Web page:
Belgian-born composer, organist and teacher, César Franck (1822-1890) was a great admirer of J S Bach. To that end, much of Franck’s music is imbued with the contrapuntal rigour and chromaticism of the German Baroque master and illustrated, for example, in one of his best-known piano works, the Prélude, choral et fugue. Franck also kept abreast of current musical developments and was an early champion in France of the Lisztian symphonic poem. Les Djinns (1884), for orchestra and piano, is the most famous of Franck’s symphonic poems. Psyché, a multi-movement symphonic poem for orchestra and chorus, is also an important (and unjustly neglected) work. Franck wrote a considerable body of sacred music and his chamber music includes a piano quintet, string quartet and violin sonata. His pupils at the Paris Conservatoire included d’Indy, Vierne and Lekeu. Bizet and Debussy also sat in on some of his classes. Franck died in tragic circumstances: he was struck by a horse-drawn bus.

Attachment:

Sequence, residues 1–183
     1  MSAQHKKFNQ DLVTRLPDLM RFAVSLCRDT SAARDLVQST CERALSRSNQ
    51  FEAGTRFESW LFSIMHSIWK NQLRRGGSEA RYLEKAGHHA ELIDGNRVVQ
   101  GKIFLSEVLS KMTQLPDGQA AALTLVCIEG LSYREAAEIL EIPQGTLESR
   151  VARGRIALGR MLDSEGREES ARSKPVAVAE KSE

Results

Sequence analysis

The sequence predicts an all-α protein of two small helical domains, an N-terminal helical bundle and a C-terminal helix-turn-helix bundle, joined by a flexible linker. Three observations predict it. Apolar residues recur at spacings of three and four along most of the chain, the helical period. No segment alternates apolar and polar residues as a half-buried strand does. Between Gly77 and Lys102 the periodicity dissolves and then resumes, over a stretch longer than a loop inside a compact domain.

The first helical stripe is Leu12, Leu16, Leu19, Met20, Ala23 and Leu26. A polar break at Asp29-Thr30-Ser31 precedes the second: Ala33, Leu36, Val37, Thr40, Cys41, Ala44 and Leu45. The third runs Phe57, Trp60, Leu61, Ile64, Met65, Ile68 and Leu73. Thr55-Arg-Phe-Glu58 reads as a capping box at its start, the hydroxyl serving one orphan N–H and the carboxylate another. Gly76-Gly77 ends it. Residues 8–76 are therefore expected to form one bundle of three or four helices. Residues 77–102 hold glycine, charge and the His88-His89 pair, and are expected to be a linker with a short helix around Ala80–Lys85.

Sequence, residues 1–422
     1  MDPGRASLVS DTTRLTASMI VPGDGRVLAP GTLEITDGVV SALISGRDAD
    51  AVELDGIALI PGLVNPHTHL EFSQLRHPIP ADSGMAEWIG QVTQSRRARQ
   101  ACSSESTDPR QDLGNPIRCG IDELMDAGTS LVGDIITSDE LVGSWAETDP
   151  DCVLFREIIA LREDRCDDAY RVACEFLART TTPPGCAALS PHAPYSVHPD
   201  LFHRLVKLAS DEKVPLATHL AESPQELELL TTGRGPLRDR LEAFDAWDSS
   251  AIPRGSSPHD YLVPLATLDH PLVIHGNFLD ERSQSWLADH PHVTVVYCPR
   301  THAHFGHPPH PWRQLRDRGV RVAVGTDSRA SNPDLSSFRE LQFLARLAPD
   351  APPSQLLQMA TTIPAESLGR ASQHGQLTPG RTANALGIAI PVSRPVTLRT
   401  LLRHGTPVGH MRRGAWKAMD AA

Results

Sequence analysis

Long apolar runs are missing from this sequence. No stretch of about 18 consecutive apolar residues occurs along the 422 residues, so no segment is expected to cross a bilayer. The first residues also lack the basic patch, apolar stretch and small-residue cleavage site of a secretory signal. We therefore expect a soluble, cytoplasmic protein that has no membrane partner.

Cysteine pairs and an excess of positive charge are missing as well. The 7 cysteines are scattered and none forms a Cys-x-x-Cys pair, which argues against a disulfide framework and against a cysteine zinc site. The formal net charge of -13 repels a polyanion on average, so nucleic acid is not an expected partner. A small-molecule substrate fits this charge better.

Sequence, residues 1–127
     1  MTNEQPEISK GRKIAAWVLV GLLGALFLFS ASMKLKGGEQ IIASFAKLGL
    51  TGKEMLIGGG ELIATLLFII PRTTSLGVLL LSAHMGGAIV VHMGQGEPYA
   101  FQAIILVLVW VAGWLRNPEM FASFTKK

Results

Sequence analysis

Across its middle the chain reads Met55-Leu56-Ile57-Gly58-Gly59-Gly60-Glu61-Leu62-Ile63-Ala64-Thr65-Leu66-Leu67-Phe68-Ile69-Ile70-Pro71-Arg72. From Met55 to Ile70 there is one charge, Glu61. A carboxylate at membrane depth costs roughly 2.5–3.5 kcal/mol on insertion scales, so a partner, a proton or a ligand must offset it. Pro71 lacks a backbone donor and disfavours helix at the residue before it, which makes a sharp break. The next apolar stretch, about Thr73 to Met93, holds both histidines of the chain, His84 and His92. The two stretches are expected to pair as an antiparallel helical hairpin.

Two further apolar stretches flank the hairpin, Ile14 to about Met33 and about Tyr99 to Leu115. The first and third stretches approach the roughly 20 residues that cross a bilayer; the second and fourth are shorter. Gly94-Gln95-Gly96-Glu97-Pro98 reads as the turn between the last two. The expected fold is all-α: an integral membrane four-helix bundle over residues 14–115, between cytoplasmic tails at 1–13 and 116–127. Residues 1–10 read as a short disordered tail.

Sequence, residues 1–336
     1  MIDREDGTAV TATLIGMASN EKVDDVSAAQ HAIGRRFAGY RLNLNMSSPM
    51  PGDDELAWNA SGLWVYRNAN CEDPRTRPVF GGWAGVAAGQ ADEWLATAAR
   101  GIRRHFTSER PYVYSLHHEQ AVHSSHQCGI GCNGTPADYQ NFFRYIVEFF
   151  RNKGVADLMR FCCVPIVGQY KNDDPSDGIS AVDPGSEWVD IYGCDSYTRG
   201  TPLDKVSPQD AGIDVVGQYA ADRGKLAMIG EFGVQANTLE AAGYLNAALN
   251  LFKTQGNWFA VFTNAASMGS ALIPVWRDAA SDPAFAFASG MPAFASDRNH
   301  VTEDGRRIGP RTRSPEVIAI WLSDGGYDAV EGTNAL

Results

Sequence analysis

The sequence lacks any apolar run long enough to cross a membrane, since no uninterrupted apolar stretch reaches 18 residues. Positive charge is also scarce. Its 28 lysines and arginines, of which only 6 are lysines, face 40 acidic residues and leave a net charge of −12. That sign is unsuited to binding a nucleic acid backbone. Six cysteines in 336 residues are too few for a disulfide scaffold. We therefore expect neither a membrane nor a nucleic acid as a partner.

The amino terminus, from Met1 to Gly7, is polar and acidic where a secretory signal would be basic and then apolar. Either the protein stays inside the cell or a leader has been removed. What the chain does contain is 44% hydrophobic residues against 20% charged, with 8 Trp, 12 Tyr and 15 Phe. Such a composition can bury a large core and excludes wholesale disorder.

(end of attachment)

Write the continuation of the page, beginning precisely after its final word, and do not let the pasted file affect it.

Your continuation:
© Tasmanian Symphony Orchestra